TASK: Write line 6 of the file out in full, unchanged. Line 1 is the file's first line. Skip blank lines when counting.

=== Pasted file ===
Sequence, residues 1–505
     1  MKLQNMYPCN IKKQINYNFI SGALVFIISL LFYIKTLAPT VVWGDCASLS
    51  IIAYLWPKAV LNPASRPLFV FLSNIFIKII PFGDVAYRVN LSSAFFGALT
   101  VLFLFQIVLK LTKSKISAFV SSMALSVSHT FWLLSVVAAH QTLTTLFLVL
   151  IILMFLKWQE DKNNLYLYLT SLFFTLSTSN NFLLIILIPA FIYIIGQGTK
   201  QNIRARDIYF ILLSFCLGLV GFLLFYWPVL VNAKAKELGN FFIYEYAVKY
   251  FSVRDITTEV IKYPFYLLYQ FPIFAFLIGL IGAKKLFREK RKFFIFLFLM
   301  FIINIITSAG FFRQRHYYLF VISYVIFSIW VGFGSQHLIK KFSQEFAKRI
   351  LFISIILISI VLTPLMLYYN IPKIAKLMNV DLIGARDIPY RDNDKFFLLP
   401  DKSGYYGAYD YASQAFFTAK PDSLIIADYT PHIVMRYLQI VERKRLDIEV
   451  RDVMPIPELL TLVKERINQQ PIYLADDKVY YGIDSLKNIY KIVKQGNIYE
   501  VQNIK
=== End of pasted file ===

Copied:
   201  QNIRARDIYF ILLSFCLGLV GFLLFYWPVL VNAKAKELGN FFIYEYAVKY